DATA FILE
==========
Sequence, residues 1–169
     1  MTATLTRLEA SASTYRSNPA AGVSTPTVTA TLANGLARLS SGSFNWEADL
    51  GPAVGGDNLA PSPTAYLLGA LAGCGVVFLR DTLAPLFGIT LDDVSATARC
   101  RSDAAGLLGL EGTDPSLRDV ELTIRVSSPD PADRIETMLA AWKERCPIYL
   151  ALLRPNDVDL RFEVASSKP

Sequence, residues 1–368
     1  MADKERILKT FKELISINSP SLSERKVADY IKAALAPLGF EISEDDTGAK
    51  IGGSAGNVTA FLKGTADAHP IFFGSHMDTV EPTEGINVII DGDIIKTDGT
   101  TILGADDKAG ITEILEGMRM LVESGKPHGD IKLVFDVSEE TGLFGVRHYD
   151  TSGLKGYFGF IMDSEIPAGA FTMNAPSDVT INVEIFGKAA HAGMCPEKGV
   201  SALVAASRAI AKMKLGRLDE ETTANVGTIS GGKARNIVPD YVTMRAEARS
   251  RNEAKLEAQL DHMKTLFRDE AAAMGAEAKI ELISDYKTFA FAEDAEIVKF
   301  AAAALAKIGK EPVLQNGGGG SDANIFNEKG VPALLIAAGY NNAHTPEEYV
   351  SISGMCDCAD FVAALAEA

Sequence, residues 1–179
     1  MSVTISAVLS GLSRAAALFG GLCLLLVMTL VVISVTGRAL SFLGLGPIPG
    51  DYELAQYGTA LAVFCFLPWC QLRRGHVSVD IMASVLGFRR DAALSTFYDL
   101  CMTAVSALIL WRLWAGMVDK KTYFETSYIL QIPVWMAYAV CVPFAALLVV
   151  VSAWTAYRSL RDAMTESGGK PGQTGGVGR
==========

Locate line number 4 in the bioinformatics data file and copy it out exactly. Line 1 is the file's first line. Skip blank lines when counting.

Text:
   101  RSDAAGLLGL EGTDPSLRDV ELTIRVSSPD PADRIETMLA AWKERCPIYL